included in the contract at initiation primarily to address potential 
variability in a party's supply of or demand for the nonfinancial 
commodity.
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    \19\ See Letter from BG Americas & Global LNG (July 22, 2011) at 
4 (``Variability associated with an energy customer's physical 
demand is influenced by factors outside the control of the energy 
suppliers (and sometimes the consumers) . . .''); Letter from the 
Working Group of Commercial Energy Firms (July 22, 2011) at 8 
(``Availability of production and requirements for consumption are 
often influenced by factors outside the control of the parties to an 
energy commodity transaction and can change on an hourly or daily 
basis.'') (emphasis added).
    \20\ Letter from the Plains All American Pipeline, L.P. (April 
17, 2014) at 3 (``[M]any counterparties understand the [seventh 
element] to have failed when a counterparty has more than one 
alternative to meet its physical commodity needs, therefore making 
the choice of supply `within its control.'''); Letter from the 
Commodity Markets Council, the National Corn Growers Association, 
and the Natural Gas Supply Association (April 17, 2014) at 2-3 
(listing as an issue stemming from the ambiguity in the seventh 
element ``uncertainty as to whether end-users with more than one 
supply choice are always exercising optionality within their 
control'').
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    The CFTC is also proposing to clarify that the phrase ``physical 
factors'' should be construed broadly to include any fact or 
circumstance that could reasonably influence supply of or demand for 
the nonfinancial commodity under the contract. Such facts and 
circumstances could include not only environmental factors, such as 
weather or location, but relevant ``operational considerations'' (e.g., 
the availability of reliable transportation or technology) and broader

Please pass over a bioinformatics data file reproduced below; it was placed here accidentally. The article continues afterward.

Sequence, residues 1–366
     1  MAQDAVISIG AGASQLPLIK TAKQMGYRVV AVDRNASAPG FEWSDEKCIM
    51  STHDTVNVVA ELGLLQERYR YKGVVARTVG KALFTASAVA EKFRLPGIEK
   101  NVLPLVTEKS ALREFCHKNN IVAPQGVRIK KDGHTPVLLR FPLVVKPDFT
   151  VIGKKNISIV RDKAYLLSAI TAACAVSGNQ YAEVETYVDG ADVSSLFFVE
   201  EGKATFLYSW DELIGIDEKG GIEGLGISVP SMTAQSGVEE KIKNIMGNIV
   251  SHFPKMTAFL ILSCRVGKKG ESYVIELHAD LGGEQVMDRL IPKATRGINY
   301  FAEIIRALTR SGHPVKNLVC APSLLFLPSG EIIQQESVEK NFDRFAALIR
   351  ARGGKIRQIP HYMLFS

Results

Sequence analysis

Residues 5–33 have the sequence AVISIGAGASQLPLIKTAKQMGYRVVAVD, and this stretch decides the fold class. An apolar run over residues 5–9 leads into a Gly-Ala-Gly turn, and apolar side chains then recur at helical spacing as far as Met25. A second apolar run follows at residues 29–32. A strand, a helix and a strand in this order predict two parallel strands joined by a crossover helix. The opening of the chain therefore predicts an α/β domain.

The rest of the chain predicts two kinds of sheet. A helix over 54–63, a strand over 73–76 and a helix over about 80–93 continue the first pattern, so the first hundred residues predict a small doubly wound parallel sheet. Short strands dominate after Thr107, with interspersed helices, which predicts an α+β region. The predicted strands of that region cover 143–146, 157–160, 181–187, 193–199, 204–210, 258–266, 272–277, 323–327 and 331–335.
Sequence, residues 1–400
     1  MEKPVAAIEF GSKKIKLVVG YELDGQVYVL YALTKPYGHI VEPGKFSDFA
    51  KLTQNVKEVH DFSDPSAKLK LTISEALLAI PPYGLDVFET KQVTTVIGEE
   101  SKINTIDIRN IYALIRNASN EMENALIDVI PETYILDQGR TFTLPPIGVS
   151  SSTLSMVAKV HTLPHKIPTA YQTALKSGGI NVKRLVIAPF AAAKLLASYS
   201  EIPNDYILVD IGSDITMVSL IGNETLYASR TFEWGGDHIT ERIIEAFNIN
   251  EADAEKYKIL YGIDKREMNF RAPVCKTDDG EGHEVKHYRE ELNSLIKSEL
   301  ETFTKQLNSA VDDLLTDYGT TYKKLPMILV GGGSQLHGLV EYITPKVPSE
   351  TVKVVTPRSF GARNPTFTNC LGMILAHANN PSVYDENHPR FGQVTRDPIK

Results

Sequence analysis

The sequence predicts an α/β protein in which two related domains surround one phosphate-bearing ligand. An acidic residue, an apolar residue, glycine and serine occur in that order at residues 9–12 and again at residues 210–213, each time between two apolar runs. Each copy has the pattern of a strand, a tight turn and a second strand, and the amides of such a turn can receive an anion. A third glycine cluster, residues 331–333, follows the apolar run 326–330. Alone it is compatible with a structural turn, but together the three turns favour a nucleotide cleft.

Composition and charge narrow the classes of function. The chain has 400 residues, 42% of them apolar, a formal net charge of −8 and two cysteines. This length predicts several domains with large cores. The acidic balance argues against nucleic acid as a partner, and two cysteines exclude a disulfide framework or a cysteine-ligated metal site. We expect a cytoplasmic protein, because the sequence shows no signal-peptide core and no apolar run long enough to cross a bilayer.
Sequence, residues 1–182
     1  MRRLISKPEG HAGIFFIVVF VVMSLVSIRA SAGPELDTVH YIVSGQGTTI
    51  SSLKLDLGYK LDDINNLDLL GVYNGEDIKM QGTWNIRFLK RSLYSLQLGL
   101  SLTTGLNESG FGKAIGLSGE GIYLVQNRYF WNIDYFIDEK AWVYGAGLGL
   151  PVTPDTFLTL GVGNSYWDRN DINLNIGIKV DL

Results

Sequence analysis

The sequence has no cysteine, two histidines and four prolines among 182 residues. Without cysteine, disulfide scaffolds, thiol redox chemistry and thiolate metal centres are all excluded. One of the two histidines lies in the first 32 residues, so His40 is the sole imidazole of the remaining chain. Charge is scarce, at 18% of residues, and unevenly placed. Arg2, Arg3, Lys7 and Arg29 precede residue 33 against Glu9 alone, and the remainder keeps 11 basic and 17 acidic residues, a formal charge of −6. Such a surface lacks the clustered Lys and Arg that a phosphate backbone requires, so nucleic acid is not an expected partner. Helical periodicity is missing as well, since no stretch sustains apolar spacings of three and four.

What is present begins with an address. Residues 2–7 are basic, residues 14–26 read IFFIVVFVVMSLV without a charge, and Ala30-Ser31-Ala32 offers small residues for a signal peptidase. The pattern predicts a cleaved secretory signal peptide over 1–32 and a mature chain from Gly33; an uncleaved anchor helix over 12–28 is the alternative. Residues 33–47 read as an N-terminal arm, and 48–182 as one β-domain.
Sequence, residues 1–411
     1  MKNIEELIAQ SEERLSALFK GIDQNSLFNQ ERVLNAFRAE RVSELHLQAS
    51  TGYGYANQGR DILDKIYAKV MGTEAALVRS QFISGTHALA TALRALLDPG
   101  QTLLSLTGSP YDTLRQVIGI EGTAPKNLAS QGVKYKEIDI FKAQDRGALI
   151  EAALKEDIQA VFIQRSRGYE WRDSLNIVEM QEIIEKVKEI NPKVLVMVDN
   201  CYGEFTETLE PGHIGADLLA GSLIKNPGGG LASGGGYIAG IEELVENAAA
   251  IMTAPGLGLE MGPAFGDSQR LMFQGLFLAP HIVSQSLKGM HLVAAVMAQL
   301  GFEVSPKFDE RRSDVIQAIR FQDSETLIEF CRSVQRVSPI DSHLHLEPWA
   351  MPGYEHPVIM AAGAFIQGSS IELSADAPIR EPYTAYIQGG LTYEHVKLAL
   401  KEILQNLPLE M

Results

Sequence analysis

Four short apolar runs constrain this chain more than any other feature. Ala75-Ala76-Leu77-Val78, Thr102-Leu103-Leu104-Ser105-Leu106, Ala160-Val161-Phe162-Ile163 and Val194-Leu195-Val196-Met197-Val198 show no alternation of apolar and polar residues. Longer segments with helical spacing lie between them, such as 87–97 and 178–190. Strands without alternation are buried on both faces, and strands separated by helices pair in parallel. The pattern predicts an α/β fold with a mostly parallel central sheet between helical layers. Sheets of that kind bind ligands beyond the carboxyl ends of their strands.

social forces, such as changes in demographics or geopolitics.\21\ 
Concerns that are

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primarily about price risk (e.g., expectations that the cash market 
price will increase or decrease), however, would not satisfy the 
seventh element absent an applicable regulatory requirement to obtain 
or provide the lowest price (e.g., the buyer is an energy company 
regulated on a cost-of-service basis).\22\
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    \21\ The CFTC reiterates that, as stated in the Products 
Release, system reliability issues that lead to voluntary supply 
curtailments would be considered ``physical factors'' within the 
scope of the seventh element. See 77 FR 48239 n.345.
    \22\ See Letter from the Office of the General Counsel, Federal 
Energy Regulatory Commission (Oct. 12, 2012) at 4. The CFTC confirms 
that, as stated in the Products Release, the deliverable quantities 
allowable under embedded volumetric optionality may be justified by 
a combination of regulatory requirements and physical factors, such 
that the quantity provided for by the embedded volumetric 
optionality may reasonably exceed quantities required by regulation. 
See 77 FR 48238 n.340.
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    The CFTC understands that in certain retail electric market demand-
response programs, electric utilities have the right to interrupt or 
curtail service to a customer to support system reliability.\23\ The 
CFTC is proposing to clarify that, given that a key function of an 
electricity system operator is to ensure grid reliability, demand 
response agreements, even if not specifically mandated by a system 
operator, may be properly characterized as the product of regulatory 
requirements within the meaning of the seventh element.\24\
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    \23\ See Letter from the National Rural Electric Cooperative 
Association, the American Public Power Association, the Large Public 
Power Association, and the Transmission Access Policy Study Group 
(Oct. 12, 2012) at 9.
    \24\ The CFTC clarifies that its interpretations regarding full 
requirements and output contracts, as provided in the Products 
Release, would be unaffected by the discussion herein. See 77 FR 
48239-40. Similarly, the CFTC reiterates that, depending on the 
relevant facts and circumstances, capacity contracts, transmission 
(or transportation) service agreements, tolling agreements, and 
peaking supply contracts, as discussed in the Products Release, may 
qualify as forward contracts with embedded volumetric optionality 
provided they meet the elements of the CFTC's proposed 
interpretation. See 77 FR 48240.
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III. Request for Comment